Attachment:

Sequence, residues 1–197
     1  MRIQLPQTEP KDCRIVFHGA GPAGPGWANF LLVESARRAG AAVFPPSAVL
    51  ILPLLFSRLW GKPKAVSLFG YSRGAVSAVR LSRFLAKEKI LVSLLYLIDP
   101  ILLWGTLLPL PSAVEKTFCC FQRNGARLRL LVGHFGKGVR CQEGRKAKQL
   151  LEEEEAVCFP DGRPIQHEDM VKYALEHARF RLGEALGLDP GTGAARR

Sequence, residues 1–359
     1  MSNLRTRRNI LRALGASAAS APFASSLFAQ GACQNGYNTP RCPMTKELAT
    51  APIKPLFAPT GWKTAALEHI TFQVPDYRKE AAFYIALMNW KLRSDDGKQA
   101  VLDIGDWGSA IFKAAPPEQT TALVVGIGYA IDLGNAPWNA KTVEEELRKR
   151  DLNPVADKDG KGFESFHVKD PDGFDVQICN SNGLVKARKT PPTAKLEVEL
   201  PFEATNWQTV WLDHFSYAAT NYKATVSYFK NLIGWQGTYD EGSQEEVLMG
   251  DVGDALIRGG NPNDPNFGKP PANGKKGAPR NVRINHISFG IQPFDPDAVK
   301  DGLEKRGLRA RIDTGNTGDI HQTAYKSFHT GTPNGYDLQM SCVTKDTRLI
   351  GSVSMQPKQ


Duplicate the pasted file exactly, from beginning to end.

Sequence, residues 1–197
     1  MRIQLPQTEP KDCRIVFHGA GPAGPGWANF LLVESARRAG AAVFPPSAVL
    51  ILPLLFSRLW GKPKAVSLFG YSRGAVSAVR LSRFLAKEKI LVSLLYLIDP
   101  ILLWGTLLPL PSAVEKTFCC FQRNGARLRL LVGHFGKGVR CQEGRKAKQL
   151  LEEEEAVCFP DGRPIQHEDM VKYALEHARF RLGEALGLDP GTGAARR

Sequence, residues 1–359
     1  MSNLRTRRNI LRALGASAAS APFASSLFAQ GACQNGYNTP RCPMTKELAT
    51  APIKPLFAPT GWKTAALEHI TFQVPDYRKE AAFYIALMNW KLRSDDGKQA
   101  VLDIGDWGSA IFKAAPPEQT TALVVGIGYA IDLGNAPWNA KTVEEELRKR
   151  DLNPVADKDG KGFESFHVKD PDGFDVQICN SNGLVKARKT PPTAKLEVEL
   201  PFEATNWQTV WLDHFSYAAT NYKATVSYFK NLIGWQGTYD EGSQEEVLMG
   251  DVGDALIRGG NPNDPNFGKP PANGKKGAPR NVRINHISFG IQPFDPDAVK
   301  DGLEKRGLRA RIDTGNTGDI HQTAYKSFHT GTPNGYDLQM SCVTKDTRLI
   351  GSVSMQPKQ